Migrating from another platform to ServiceNow can be challenging, especially when you need to import large amounts of historical data. One of the biggest challenges in this process is moving attachment files and keeping them with the proper record. Fortunately for us, ServiceNow provides an attachment API that can be leveraged in order to get our attached files back where they need to be. All you need is a unique identifier from your source records and a little magic concocted by the Pathways team.
The attached .cmd file can be used to load attachments from a local machine into ServiceNow via the Attachment API. This sample is targeting the incident table.
This is currently set to run through an Excel file (.csv) and match a sys_id from a record to another value from that record that acts as a unique identifier. This identifier in this case is looking for the folder name. The folder name matches to the sys_id column and all attachments from the folder are imported to the target record.
In this example, our folder structure is as follows: C:\Users\yourname\desktop\DataDump\SMAttachments\Attachments3\IM
IM is our “Incident Management” folder. Each folder within folder IM has the “record_id” as its folder name. The script will parse the columns in the spreadsheet and match column A (record_id) to column B (sys_id). These values will be input to the variables in the script which will fill in the values needed in the cURL message to determine your target.
Instructions to load:
1) Records must already be imported to ServiceNow prior to the attachment load
2) You’ll need to extract your records with the sys ID using export fields all URL where ‘table_name’ is the name of the table (https://instance.service-now.com/table_name.do?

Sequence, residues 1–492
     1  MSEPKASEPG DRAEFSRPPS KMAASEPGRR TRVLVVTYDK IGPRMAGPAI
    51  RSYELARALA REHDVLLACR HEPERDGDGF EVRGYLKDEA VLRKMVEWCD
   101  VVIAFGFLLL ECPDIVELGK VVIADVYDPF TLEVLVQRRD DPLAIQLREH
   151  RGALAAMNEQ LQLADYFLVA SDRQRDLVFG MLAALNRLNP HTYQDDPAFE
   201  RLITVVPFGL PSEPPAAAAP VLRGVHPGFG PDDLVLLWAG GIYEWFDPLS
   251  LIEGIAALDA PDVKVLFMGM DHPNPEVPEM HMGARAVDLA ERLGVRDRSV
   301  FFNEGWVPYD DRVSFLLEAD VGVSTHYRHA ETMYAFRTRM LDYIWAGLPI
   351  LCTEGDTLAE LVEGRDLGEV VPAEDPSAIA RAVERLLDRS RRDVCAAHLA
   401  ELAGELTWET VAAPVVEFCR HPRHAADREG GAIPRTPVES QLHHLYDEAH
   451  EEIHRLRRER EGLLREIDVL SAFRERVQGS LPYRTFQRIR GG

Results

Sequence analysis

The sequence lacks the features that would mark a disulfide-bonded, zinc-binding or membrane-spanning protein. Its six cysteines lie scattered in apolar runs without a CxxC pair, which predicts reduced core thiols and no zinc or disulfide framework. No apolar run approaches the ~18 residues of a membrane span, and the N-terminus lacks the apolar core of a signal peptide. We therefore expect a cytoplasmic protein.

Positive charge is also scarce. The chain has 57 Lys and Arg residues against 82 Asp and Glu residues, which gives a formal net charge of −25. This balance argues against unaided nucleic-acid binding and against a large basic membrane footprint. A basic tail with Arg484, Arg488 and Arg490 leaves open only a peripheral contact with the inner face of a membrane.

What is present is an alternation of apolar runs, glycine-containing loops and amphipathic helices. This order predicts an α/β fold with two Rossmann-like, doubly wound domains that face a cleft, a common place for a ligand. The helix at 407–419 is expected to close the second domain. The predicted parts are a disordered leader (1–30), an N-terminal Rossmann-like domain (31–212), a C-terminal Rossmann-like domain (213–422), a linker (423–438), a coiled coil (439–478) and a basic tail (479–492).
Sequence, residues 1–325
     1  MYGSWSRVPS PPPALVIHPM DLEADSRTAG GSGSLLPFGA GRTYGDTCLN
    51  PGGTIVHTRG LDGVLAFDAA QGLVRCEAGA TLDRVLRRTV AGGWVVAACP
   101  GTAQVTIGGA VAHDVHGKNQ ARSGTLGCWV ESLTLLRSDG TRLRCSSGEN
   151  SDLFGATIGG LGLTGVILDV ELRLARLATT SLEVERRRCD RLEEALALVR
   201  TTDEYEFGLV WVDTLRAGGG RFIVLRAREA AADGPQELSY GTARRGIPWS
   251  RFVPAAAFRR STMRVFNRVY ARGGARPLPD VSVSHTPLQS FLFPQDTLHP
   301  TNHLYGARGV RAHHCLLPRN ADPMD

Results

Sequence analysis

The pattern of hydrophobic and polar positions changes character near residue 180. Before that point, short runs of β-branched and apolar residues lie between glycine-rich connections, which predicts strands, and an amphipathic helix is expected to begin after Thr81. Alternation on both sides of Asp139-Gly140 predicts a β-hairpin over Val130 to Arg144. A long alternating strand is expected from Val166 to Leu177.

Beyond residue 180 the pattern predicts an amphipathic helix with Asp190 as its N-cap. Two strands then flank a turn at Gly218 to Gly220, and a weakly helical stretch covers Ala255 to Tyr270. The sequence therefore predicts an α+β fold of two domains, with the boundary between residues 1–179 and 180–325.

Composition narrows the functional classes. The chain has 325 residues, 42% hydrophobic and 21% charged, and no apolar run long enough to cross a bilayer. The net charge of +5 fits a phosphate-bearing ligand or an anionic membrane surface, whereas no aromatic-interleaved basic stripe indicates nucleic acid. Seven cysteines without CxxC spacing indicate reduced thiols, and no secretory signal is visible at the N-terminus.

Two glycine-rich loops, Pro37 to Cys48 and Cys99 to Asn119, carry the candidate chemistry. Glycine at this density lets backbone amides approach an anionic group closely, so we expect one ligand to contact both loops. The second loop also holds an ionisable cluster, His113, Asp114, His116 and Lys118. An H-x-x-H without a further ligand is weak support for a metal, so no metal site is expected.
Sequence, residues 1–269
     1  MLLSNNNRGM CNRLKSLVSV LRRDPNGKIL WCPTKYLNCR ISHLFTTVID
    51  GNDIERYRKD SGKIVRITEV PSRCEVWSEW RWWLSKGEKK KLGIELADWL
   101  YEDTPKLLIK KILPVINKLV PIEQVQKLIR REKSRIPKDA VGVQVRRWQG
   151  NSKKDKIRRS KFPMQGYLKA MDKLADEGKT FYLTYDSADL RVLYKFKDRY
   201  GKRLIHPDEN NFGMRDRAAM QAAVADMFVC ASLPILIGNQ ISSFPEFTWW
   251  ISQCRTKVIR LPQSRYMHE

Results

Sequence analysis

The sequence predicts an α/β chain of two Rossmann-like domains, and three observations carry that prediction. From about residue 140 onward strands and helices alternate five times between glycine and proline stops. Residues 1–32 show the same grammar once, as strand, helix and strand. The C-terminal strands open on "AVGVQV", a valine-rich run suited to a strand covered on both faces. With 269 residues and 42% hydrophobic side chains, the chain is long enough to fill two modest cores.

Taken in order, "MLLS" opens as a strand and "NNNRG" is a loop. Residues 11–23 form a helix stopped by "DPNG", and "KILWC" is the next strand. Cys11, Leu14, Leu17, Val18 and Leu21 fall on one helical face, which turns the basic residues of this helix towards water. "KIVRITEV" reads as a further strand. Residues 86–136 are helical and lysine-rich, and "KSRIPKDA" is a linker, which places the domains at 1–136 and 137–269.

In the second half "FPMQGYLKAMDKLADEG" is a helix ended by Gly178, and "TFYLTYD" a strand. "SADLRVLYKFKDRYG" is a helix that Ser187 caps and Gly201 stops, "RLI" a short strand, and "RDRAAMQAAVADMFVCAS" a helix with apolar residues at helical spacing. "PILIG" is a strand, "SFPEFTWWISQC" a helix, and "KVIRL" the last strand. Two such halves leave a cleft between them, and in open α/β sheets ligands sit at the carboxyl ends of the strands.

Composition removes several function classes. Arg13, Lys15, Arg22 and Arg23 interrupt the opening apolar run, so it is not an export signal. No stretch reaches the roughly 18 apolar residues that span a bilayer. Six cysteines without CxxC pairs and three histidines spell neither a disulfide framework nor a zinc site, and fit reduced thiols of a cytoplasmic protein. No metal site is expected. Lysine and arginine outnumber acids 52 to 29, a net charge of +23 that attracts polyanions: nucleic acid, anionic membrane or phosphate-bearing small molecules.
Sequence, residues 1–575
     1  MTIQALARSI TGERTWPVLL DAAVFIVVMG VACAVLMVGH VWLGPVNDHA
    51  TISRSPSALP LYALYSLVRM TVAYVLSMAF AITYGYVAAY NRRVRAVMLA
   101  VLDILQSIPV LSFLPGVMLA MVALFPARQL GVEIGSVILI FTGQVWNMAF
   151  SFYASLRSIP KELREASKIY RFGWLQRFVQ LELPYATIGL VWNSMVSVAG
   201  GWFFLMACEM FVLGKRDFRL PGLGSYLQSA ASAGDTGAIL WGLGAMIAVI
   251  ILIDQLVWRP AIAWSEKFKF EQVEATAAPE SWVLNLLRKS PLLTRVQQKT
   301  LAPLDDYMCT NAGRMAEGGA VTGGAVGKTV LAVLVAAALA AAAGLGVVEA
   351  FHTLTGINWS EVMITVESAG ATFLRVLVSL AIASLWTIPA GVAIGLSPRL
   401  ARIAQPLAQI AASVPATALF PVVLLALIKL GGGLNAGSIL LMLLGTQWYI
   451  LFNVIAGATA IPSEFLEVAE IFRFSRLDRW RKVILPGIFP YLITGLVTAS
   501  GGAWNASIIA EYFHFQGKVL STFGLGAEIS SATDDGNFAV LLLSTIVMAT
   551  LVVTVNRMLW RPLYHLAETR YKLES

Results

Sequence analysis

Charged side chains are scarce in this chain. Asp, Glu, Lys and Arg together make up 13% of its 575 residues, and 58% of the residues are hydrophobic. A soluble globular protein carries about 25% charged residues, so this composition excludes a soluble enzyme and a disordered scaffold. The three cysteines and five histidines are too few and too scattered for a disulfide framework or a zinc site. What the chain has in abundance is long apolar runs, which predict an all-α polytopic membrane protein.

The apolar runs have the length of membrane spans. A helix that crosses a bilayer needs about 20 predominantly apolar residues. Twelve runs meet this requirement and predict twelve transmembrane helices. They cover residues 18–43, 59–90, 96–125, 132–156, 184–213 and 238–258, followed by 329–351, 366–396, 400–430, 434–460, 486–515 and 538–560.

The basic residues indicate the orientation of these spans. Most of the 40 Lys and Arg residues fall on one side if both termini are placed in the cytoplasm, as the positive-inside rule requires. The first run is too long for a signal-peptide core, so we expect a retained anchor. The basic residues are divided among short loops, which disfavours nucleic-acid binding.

(note: You can add additional parameters to filter e.g. &sysparm_query=u_record_id!=NULL)
3) Once you have the exported .csv file
a) Remove all columns except sys_id and your identifier column (record_id in this example)
b) Make sure that your identifier column is in column A and sys_id is in column B
c) Remove the header rows
You are now ready to add your inputs to the script. In our example, variable %%d refers to our identifier (folder name) and %%e is our target sys_id.
4) line 2 of the script looks for %%d in (filename.csv), where filename should be the name of your exported and edited list.
5) The other variables can be left alone. It will look for /D (directory) %%f in the current folder. It will then change directories to %%d (identifier/folder name) as it loops through the current folder. For each file %%g in the folder, the cURL script will call the attachments API and upload attachments, one at a time, to the target record.
6) In line 7, leave the variables in the URL as-is. The only thing you need to change here is the table name as this is not dynamic. In the attribute “-u”, you will need to enter a user id: password combination that has write access (preferably admin). The format is -u username:password.
7) When your script is altered and ready, place it within the parent folder (IM in this example). You will also need to copy your Excel file here.
8) Hold shift and right-click and then select to open a command prompt in the current folder. Type in loadAttachmentsINC.cmd and press enter to begin the script.
Other notes – This process requires that you install cURL on your computer. You will also need to change your Windows environment variables to allow it to run (see attached instructions).